There Will Be Blood is the fifth film from writer-director Paul Thomas Anderson, and there’s no doubt that it’s a masterfully constructed piece of work from an immensely talented filmmaker — and a sprawling period piece departure to boot from a director whose work, Boogie Nights nominally excepted, has heretofore been rooted in latter-century modernity. And yet there’s still a sense — from some head-feint intrigue involving a pair of twin brothers to its title, which seems designed as a marketing scheme — that the film is an educated, elongated put-on. A great and entertaining put-on for cineastes, but still a put-on nonetheless.
An expansive epic of power, family and faith both conjured and misplaced, There Will Be Blood unfolds against the incendiary frontier of
turn-of-the-century petroleum boom. The story chronicles the life and times of
Daniel Plainview (Daniel Day-Lewis), a silver miner who transforms himself into a self-made oil tycoon.
gets a mysterious tip-off that there’s a little town out west where an ocean of
oil is oozing out of the ground, he heads with his son, H.W. (Dillon Freasier),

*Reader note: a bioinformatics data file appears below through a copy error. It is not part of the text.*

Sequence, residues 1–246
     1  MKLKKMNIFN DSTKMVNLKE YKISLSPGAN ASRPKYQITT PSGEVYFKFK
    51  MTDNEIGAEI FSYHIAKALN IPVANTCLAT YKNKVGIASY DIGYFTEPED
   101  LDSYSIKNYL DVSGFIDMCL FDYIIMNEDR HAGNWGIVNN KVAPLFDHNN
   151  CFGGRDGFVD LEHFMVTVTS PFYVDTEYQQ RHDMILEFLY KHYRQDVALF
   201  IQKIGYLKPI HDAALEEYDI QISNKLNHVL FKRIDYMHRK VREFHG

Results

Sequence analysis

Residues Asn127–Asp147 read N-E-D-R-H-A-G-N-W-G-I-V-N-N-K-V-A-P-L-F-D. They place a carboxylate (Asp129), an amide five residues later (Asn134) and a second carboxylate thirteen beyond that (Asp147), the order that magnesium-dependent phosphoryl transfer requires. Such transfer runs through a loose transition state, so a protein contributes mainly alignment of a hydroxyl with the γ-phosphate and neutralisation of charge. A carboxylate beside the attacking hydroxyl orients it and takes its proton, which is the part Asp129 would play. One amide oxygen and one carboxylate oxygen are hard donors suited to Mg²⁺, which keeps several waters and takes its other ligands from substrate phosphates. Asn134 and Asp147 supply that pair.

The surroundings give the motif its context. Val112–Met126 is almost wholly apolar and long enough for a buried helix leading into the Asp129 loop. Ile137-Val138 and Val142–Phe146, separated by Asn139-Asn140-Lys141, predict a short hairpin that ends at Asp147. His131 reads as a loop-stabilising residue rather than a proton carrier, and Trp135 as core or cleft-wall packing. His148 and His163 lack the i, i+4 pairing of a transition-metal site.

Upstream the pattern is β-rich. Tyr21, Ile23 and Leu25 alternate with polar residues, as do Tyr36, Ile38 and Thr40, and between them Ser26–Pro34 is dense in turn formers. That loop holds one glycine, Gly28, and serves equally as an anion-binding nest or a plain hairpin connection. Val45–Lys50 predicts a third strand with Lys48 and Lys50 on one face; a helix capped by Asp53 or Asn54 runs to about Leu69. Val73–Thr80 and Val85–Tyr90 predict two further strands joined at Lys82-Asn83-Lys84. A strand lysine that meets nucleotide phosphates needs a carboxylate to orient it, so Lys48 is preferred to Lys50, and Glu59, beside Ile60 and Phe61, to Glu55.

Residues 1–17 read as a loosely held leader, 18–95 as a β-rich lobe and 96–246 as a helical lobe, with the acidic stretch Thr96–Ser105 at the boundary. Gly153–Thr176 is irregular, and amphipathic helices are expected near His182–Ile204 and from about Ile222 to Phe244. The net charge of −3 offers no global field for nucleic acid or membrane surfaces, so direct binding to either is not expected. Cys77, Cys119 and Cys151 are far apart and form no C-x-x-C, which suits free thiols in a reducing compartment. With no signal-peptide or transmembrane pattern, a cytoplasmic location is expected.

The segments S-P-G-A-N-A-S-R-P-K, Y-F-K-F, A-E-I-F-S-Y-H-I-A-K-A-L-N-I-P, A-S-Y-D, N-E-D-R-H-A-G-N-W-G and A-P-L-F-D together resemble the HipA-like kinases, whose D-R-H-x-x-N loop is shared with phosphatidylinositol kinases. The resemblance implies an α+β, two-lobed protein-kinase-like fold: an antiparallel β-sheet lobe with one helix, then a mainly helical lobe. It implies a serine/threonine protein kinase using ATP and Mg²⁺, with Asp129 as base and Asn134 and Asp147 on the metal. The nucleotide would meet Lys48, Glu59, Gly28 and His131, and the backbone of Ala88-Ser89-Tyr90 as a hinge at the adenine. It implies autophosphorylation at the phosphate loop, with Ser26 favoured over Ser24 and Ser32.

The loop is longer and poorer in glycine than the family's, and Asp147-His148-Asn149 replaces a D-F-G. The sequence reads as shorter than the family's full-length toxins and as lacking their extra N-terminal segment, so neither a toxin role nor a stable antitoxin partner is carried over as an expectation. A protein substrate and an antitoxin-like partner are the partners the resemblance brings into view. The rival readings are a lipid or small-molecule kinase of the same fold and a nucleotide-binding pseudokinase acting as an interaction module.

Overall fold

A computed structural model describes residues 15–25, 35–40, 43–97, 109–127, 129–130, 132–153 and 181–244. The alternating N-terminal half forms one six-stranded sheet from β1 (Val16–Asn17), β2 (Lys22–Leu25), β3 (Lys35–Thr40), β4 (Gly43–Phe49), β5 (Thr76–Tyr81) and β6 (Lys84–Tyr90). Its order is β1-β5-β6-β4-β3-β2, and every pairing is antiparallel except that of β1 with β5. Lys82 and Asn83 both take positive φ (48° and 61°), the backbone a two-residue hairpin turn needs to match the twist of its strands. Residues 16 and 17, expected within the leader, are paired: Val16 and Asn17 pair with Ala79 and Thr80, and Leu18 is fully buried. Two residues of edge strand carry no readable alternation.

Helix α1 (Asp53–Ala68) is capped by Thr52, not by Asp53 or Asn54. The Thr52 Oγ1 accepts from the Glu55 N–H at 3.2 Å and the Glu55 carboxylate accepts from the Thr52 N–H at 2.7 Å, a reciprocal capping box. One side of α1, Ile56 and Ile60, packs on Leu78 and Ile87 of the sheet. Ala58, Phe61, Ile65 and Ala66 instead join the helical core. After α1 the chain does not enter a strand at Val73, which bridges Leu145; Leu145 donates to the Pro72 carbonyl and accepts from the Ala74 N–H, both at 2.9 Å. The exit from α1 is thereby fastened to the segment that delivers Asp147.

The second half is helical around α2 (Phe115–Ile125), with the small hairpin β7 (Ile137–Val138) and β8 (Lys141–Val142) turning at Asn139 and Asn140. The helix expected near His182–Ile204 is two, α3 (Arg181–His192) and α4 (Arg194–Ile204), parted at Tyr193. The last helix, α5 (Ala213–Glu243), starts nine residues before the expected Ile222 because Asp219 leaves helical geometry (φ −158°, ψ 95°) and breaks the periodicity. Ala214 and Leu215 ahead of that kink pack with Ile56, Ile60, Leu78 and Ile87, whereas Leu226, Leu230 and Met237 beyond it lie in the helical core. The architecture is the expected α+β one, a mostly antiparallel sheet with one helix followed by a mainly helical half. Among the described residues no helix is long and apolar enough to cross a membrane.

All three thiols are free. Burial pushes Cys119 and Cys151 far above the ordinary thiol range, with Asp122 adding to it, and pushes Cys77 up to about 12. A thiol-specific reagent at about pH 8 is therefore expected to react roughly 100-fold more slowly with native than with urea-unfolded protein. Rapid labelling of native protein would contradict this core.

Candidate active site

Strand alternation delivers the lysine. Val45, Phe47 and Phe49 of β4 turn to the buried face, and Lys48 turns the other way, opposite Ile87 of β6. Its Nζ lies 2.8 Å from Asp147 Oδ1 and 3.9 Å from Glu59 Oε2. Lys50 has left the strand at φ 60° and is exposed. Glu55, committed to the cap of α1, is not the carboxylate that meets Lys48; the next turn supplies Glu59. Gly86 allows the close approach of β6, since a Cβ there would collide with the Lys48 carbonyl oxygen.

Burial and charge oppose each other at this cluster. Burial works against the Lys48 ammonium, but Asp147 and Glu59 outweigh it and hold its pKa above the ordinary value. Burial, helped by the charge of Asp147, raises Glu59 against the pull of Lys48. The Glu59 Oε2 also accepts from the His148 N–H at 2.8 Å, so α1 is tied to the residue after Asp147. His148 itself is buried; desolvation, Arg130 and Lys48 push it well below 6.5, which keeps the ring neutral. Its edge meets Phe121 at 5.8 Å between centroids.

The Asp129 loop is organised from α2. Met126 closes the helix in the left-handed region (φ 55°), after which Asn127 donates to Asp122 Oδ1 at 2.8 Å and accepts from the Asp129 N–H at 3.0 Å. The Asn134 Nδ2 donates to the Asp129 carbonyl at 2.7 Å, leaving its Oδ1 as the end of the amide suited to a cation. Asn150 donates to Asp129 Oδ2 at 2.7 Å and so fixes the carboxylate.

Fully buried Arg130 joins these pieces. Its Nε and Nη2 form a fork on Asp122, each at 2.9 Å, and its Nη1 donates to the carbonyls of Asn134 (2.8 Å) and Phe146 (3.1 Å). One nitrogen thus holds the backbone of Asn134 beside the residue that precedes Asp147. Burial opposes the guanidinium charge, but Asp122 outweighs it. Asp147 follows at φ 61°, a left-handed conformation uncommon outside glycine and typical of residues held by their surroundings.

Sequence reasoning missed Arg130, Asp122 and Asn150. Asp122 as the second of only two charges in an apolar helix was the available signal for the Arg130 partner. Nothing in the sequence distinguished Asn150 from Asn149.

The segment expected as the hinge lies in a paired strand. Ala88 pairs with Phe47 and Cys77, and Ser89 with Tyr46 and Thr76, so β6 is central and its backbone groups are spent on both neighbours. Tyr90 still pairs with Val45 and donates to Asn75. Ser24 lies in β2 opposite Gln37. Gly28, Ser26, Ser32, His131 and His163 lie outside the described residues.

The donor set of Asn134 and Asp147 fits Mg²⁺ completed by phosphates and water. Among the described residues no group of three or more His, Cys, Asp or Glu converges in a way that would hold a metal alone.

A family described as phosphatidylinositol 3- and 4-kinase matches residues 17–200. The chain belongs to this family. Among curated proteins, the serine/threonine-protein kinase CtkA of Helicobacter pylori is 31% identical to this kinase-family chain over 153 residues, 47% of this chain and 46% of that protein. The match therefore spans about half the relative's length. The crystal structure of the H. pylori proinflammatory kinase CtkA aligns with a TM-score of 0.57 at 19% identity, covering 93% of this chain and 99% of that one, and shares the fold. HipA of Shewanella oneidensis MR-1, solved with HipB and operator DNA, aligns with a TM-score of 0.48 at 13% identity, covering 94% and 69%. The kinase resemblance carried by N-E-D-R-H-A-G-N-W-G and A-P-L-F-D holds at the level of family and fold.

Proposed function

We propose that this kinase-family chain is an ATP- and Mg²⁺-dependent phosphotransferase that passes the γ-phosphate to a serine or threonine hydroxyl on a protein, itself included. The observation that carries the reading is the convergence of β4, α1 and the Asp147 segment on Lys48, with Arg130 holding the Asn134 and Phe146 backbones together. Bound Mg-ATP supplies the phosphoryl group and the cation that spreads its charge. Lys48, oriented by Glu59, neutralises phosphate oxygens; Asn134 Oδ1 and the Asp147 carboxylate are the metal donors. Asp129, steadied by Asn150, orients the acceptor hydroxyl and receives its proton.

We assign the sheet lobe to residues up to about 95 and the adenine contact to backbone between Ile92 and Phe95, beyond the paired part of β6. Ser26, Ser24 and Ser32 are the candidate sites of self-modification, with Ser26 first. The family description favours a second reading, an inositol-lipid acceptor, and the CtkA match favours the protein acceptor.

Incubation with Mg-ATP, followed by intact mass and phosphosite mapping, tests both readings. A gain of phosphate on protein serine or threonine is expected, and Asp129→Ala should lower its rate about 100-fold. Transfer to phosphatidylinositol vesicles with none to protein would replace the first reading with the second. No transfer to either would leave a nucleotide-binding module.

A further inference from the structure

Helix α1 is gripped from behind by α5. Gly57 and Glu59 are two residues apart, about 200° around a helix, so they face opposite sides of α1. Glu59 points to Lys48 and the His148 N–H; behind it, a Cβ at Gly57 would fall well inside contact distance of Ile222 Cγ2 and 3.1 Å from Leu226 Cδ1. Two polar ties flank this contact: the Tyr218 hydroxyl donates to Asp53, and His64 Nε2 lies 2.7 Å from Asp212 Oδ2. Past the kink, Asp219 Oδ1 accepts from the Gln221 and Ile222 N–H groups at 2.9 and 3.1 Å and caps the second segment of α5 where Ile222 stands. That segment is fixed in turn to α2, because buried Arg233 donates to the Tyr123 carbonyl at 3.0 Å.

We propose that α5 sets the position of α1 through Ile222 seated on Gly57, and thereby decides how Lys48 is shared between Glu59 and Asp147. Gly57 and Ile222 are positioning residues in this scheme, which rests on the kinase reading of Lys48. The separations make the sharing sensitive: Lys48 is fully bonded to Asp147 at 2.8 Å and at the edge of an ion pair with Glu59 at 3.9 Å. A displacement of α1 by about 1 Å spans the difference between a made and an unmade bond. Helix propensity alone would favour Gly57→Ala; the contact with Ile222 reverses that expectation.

to take their chances in dust-worn Little Boston. In this hardscrabble
town, where the main excitement centers around the holy-roller church of
charismatic preacher Eli Sunday (Little Miss Sunshine‘s Paul Dano),
and H.W. make their lucky strike. But even as the well raises all of
their fortunes, nothing will remain the same as conflicts escalate and every
human value — love, hope, community, belief, ambition and even the bond between
father and son — is imperiled by corruption, deception and the flow of that black gold.
Working from the first third, or half, of Upton Sinclair’s 1920s muck-raking novel Oil!
screenplay easily draws comparisons to The Treasure of Sierra Madre and Citizen Kane, just in terms of setting and themes — the manner in which it assays rising paranoia and competition. What
expertly conveys is a deceptive sense of epic scope — we scarcely leave
Planeview’s side, but paradoxically have a keen sense of his place in the industry, and the industry’s burgeoning importance to the country. Jonny Greenwood’s score, meanwhile, sounds like a THX test — a taut, menacing
string stretched to just before its breaking point; it’s a love-it or hate-it proposition. Still, for all the skill evident in its construction, you can feel There Will Be Blood lose most of an educated audience in its third act, as I did at a special screening Wednesday night, followed by a Q&A with Anderson — bad news since this ain’t a populist crowd-pleaser to begin with. Most of the laughter itself is appropriate, but unlike No Country for Old Men, they’re not laughing in shared, clenched tension, but in a weirdly diffused bewilderment. This stems chiefly from problems in the text. More on this closer to release.